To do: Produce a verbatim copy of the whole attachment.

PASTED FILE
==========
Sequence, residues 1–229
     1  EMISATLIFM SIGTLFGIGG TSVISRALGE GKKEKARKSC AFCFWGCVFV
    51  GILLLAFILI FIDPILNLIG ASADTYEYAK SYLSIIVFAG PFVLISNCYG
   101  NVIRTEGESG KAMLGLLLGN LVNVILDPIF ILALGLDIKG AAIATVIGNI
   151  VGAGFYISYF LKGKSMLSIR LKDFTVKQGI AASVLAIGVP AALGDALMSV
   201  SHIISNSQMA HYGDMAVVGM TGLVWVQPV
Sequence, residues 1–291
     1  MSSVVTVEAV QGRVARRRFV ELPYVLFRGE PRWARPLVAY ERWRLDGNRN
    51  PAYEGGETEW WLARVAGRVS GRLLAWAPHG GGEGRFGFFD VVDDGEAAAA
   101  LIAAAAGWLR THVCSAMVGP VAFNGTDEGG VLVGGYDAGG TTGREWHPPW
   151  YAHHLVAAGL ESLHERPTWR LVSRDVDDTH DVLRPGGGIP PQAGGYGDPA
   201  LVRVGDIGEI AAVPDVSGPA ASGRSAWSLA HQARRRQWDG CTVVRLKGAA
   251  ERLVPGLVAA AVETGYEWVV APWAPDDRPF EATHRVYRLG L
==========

Sequence, residues 1–229
     1  EMISATLIFM SIGTLFGIGG TSVISRALGE GKKEKARKSC AFCFWGCVFV
    51  GILLLAFILI FIDPILNLIG ASADTYEYAK SYLSIIVFAG PFVLISNCYG
   101  NVIRTEGESG KAMLGLLLGN LVNVILDPIF ILALGLDIKG AAIATVIGNI
   151  VGAGFYISYF LKGKSMLSIR LKDFTVKQGI AASVLAIGVP AALGDALMSV
   201  SHIISNSQMA HYGDMAVVGM TGLVWVQPV
Sequence, residues 1–291
     1  MSSVVTVEAV QGRVARRRFV ELPYVLFRGE PRWARPLVAY ERWRLDGNRN
    51  PAYEGGETEW WLARVAGRVS GRLLAWAPHG GGEGRFGFFD VVDDGEAAAA
   101  LIAAAAGWLR THVCSAMVGP VAFNGTDEGG VLVGGYDAGG TTGREWHPPW
   151  YAHHLVAAGL ESLHERPTWR LVSRDVDDTH DVLRPGGGIP PQAGGYGDPA
   201  LVRVGDIGEI AAVPDVSGPA ASGRSAWSLA HQARRRQWDG CTVVRLKGAA
   251  ERLVPGLVAA AVETGYEWVV APWAPDDRPF EATHRVYRLG L